The U.S. stock market has been very volatile recently, swinging up and down more than 1% each day.
From September 2018 – present the S&P has fallen -10.8%, while from January – February 2018 the S&P fell -11.8% (using daily HIGH and LOW prices). So the magnitude of these 2 corrections has been very similar.
Let’s analyze the stock market’s price action by objectively quantifying technical analysis. For the sake of reference, here’s the random probability of the U.S. stock market going up on any given day, week, or month.
*Probability ≠ certainty. But if you consistently trade against probability, then you will underperform in the long run.
S&P 500 has been very volatile during the intraday
The U.S. stock market went up more than 1.8% yesterday, and then closed more than -0.5% below the previous day’s close. That kind of intraday volatility is uncommon.
Is this a sign of “holy shit there are no buyers out there!!!!”?
Here’s what happened next to the S&P 500 when the S&P’s daily high is more than 1.8% above yesterday’s close, and the S&P’s CLOSE is more than -0.5% below yesterday’s CLOSE (i.e. a big failed bounce)
As you can see, the S&P tends to go up 1-3 months later. Somebody is trying to buy the dip. It doesn’t always succeed on the first try, but eventually it does.
“This stock market crash is just like the dot-com top!!!!”
The S&P has gone down in 21 out of the past 27 trading days.
I saw this one very popular tweet on Twitter saying “in the past 35 years, there has only been 1 other case in which the S&P fell 21 out of the past 27 days – that was November 2000”
Financial media, permabears, and other “the world is ending” people love to use n=1 “bearish” studies. It allows them to “prove” that the world is ending. Bad new is good for attracting media attention and ad $$$.
Here’s the actual data.
This is what happened next to the S&P 500 when it fell at least 21 out of the past 27 trading days (excluding overlaps), from 1928 – present.
As you can see, this does not quite support the whole “stock market will crash” story. But hey, never let the truth get in the way of a good story, right?
Breadth is weak, but the short term is neither consistently bullish nor bearish
Our recent studies demonstrate that the stock market’s medium term outlook is bullish (i.e. ~ 3-6 months), but the short term is mixed. Some studies are bullish, while others are bearish.
The S&P 500’s Bullish Percent Index is a breadth indicator. The S&P 500’s Bullish Percent Index is now at 31.
Here’s what happened next to the S&P 500 when its Bullish Percentage Index fell to 31 or less for the first time in 3 months.
As you can see, the stock market tends to fall even more over the next 1 week, although not by a lot.
Likewise, the NYSE Composite’s Bullish Percent Index is now very low (currently below 34).
Here’s what happened next to the NYSE Composite when its Bullish Percentage Index fell below 34 for the first time in 3 months.
As you can see, the NYSE Composite also has a slight tendency to fall more over the next 1 week.
Now let’s move onto the short term bullish studies.
Yesterday, the S&P made a big “outside day”. Its daily HIGH was more than 0.5% above the previous day’s HIGH, and the daily LOW was more than -0.9% below the previous day’s LOW.
Here are similar instances, and what the S&P 500 did next.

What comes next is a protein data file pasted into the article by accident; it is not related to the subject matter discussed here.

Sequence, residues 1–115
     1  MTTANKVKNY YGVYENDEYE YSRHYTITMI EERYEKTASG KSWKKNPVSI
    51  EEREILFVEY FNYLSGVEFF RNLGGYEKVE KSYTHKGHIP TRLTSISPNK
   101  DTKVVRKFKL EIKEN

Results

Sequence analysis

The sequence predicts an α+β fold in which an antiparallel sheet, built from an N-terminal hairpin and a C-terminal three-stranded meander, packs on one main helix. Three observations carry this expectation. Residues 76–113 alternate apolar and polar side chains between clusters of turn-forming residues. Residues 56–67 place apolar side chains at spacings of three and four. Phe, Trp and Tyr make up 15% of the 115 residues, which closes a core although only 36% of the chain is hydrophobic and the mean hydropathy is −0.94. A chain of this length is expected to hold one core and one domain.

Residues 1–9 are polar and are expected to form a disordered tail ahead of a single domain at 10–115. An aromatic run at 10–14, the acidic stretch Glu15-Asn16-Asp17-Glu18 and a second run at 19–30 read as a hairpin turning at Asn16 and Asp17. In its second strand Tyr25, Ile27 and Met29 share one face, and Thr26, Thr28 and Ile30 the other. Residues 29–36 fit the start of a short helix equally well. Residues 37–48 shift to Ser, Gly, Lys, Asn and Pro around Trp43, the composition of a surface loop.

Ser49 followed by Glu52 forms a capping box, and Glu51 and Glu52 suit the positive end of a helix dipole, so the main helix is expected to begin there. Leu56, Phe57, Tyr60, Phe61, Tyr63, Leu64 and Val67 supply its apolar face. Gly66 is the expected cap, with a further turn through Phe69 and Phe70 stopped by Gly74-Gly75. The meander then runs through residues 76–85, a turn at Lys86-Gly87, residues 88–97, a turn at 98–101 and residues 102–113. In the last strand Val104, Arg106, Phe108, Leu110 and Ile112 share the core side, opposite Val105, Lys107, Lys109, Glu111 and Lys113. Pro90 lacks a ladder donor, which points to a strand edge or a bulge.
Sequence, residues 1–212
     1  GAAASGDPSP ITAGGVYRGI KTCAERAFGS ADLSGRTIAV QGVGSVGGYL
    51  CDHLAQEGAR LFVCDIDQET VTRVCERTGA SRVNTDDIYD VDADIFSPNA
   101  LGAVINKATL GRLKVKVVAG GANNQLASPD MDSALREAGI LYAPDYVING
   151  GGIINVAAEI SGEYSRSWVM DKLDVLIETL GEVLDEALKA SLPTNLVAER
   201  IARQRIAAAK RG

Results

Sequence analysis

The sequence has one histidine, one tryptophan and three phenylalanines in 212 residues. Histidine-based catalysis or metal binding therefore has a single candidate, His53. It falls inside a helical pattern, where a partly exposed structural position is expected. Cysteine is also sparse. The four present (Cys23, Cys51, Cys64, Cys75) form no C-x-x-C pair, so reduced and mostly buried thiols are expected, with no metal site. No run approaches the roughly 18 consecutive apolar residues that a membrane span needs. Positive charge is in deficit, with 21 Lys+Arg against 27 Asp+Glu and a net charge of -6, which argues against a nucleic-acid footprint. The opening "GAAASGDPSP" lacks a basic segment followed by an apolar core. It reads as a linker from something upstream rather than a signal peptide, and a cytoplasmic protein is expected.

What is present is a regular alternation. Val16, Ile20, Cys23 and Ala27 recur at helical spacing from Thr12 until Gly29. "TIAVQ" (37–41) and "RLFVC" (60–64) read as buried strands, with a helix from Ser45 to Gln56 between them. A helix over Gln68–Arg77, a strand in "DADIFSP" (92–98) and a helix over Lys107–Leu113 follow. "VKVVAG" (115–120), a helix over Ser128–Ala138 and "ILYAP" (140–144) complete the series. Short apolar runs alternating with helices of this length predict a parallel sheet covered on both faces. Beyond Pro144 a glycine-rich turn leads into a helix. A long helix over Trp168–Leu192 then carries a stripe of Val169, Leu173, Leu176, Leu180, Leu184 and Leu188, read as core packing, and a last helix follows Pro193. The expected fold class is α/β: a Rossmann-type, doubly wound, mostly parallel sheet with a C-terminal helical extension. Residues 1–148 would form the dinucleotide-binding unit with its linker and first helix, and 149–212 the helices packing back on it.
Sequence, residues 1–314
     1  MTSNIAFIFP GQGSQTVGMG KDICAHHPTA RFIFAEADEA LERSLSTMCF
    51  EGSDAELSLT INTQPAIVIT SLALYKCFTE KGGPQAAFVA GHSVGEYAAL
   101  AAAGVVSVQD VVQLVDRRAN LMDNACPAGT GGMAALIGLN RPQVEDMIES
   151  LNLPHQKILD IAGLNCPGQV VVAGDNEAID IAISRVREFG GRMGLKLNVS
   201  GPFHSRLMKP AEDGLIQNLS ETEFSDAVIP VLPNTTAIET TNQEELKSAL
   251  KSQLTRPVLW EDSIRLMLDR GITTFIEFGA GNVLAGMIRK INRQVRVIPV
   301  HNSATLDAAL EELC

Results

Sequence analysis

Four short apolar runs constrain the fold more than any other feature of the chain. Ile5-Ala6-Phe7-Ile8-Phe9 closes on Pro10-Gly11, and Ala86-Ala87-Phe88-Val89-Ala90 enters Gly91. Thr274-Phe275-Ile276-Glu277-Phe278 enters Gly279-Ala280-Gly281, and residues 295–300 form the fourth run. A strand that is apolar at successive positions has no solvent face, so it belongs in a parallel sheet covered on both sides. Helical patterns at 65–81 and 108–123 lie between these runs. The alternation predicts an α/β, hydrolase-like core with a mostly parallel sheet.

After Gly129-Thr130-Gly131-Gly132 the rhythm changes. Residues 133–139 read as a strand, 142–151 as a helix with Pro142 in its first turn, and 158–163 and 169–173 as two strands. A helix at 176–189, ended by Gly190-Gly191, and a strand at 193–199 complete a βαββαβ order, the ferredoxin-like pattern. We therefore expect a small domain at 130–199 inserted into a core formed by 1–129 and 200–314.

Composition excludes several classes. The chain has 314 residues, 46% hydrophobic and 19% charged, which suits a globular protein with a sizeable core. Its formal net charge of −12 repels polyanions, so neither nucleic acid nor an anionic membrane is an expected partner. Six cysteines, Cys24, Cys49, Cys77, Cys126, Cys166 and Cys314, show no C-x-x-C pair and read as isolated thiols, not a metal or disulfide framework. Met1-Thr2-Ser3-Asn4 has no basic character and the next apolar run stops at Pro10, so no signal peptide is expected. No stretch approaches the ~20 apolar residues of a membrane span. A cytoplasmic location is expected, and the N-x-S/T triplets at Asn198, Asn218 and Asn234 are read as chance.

As you can see, this goes against the previous 2 studies that were short term bearish for the U.S. stock market.
And lastly, I want to talk about valuations.
Permabears consistently point to “holy shit valuations are ridiculously high!!!!! This is another bear market like the dot-com crash!!!!”. That’s an argument they’ve been making for 8 years in a row, and I think 2019 will be the first year in which they are correct. 1 out of 8 success rate. Not bad.
It’s important to look at interest rates when looking at valuations. This is a point that Warren Buffett and Scott Minerd have said for years. Valuations are high mostly because interest rates are low.
Here is a chart from Guggenheim demonstrating that when you take into account interest rates, valuations are actually below average. The dot-com top saw much higher valuations combined with higher interest rates.
While interest rates are rising right now, they are by no means “soaring”. Now let’s assume that the 1 year yield goes up another 1% (which is quite a big jump). Based on current valuations (16.3x forward P/E and a 4.1% 10 year yield)…..
It’s fair value.
Valuations don’t drive bull and bear markets. The economy does. By definition, valuations are going to expand in a bull market and contract in a bear market (because the stock market moves faster than earnings). That’s just stating a fact.
Our discretionary technical outlook remains the same:
- The current bull market will peak sometime in Q2 2019.
- The medium term remains bullish (i.e. trend for the next 6-9 months). Volatility is extremely high right now. Since volatility is mean-reverting and moves in the opposite direction of the stock market, this is medium term bullish.
- The short term is a 50-50 bet right now. Moreover, the stock market will probably remain volatile in the short term (big up and down swings).
- When the stock market’s short term is unclear (as it is most of the time), focus on the medium term. Step back and look at the big picture. Don’t lose yourself in a sea of noise.
Our discretionary outlook is usually, but not always, a reflection of how we’re trading the markets right now. We trade based on our clear, quantitative trading models, such as the Medium-Long Term Model.
Members can see exactly how we’re trading the U.S. stock market right now based on our trading models.
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